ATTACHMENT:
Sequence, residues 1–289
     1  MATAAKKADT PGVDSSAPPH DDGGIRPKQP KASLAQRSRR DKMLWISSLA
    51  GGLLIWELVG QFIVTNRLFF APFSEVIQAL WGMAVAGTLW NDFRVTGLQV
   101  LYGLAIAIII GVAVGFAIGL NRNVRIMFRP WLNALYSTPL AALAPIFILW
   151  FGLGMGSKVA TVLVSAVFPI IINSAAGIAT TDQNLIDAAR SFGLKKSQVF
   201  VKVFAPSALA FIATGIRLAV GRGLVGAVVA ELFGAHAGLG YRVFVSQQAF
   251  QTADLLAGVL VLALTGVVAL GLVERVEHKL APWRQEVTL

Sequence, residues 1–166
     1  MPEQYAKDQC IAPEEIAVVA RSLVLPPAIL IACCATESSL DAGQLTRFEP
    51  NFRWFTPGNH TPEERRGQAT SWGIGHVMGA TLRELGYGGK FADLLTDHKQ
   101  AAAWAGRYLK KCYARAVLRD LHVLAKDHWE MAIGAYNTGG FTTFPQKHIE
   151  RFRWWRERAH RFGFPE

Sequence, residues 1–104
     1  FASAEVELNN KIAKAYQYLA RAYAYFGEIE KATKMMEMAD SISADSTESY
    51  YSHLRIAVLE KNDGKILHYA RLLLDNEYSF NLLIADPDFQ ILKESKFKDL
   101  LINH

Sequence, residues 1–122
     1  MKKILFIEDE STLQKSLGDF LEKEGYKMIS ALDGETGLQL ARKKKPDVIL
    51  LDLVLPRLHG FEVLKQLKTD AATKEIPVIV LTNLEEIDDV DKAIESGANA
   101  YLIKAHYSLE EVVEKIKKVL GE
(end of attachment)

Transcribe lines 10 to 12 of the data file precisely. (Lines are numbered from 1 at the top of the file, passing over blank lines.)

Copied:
    51  NFRWFTPGNH TPEERRGQAT SWGIGHVMGA TLRELGYGGK FADLLTDHKQ
   101  AAAWAGRYLK KCYARAVLRD LHVLAKDHWE MAIGAYNTGG FTTFPQKHIE
   151  RFRWWRERAH RFGFPE